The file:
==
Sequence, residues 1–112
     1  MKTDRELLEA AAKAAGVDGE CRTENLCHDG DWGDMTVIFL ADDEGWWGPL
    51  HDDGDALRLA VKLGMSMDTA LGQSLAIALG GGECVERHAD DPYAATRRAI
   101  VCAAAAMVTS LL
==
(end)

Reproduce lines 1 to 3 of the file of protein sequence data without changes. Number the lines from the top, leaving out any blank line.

Sequence, residues 1–112
     1  MKTDRELLEA AAKAAGVDGE CRTENLCHDG DWGDMTVIFL ADDEGWWGPL
    51  HDDGDALRLA VKLGMSMDTA LGQSLAIALG GGECVERHAD DPYAATRRAI